Jeremiah 24:5-7 (NASB) “Thus says the Lord God of Israel, ‘Like these good figs, so I will regard as good the captives of Judah, whom I have sent out of this place into the land of the Chaldeans. For I will set My eyes on them for good, and I will bring them again to this land; and I will build them up and not overthrow them, and I will plant them and not pluck them up.  I will give them a heart to know Me, for I am the Lord; and they will be My people, and I will be their God, for they will return to Me with their whole heart.”

Then He has this to say about those who were able to stay in their own land:

Jeremiah 24:8-10 (NASB)  ‘But like the bad figs which cannot be eaten due to rottenness—indeed, thus says the Lord—so I will abandon Zedekiah king of Judah and his officials, and the remnant of Jerusalem who remain in this land and the ones who dwell in the land of Egypt.  I will make them a terror and an evil for all the kingdoms of the earth, as a reproach and a proverb, a taunt and a curse in all places where I will scatter them.  I will send the sword, the famine and the pestilence upon them until they are destroyed from the land which I gave to them and their forefathers.’”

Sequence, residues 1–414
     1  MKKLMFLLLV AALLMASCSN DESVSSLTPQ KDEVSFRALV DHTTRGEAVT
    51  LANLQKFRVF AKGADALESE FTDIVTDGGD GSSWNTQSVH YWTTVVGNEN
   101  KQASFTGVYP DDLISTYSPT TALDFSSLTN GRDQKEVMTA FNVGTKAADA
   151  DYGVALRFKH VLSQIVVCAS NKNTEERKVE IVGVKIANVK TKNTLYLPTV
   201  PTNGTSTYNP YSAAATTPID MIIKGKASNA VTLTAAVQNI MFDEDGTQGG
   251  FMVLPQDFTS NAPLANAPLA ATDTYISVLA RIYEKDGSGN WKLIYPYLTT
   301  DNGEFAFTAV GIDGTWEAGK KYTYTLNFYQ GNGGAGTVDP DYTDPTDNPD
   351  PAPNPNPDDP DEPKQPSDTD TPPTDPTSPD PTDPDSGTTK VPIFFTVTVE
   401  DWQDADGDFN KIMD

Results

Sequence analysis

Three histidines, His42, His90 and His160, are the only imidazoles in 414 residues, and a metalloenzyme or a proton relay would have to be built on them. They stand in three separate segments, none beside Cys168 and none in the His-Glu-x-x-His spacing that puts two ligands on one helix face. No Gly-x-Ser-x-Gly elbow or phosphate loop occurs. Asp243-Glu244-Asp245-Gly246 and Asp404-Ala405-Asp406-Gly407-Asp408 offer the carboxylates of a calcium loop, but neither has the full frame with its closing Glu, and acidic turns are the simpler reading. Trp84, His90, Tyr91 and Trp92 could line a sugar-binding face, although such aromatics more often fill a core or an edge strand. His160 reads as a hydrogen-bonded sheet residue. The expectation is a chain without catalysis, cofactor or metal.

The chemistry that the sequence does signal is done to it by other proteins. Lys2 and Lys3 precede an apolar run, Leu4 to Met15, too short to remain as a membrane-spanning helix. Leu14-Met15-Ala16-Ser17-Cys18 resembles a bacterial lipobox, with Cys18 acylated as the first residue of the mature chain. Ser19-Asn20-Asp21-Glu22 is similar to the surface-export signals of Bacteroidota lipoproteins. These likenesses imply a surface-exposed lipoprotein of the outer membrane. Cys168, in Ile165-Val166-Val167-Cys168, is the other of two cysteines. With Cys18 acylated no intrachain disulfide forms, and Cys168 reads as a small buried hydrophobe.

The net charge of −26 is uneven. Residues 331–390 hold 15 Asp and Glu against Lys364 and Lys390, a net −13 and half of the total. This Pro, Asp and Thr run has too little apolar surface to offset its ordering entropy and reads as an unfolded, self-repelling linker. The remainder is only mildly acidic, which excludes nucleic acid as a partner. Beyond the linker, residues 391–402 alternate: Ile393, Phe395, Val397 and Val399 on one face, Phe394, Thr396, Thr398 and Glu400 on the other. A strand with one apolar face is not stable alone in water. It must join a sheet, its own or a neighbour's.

Turns out, according to the rest of the book of Jeremiah (which we will be studying next), it really did get a whole lot worse for those who were able to stay in their own land than for those who were led away.  In other words, as folks were packing up their lives and heading to a foreign land into captivity, likely they were thinking it was the worst day of their lives.  But the truth was God had a plan.  They just couldn’t see it at the moment.

There was another very pivotal point in history that looked like the worst thing that could possibly happen, the crucifixion of Christ.  By all human standards of measure, He appeared to have failed miserably in His mission as the King of Kings, Savior of the World.

Think about those precious folks who had followed Him over the three years of His earthly ministry:  the twelve disciples (down to eleven the day before the cross), His mother, Mary, Martha and Lazarus, Joseph of Arimathea, Nicodemus.  Many of them traveled, ate, drank, and slept with Him.  They listened to Him teach, they prayed with Him.  He washed their feet.  He spoke everything to them that the Father said.

But they didn’t get it.  When He died on that cross, it looked like all their hopes died with Him.  It looked like the worst possible thing that could happen.  How do you become King if you are dead?  They lacked perspective.

On this side of that same cross though we know God had a plan they couldn’t see.  We know in fact that Christ’s crucifixion was THE ONLY way to Christ’s resurrection and our salvation.  Without the terrible road of the cross we would still be lost on the path to destruction.  Still stuck in our own captivity to sin and death.

The truth is most of the time we lack the perspective to determine if our circumstances are good or bad, just like those headed into the Babylonian captivity and just like those who stood at the foot of the cross one dark Friday afternoon over 2000 years ago.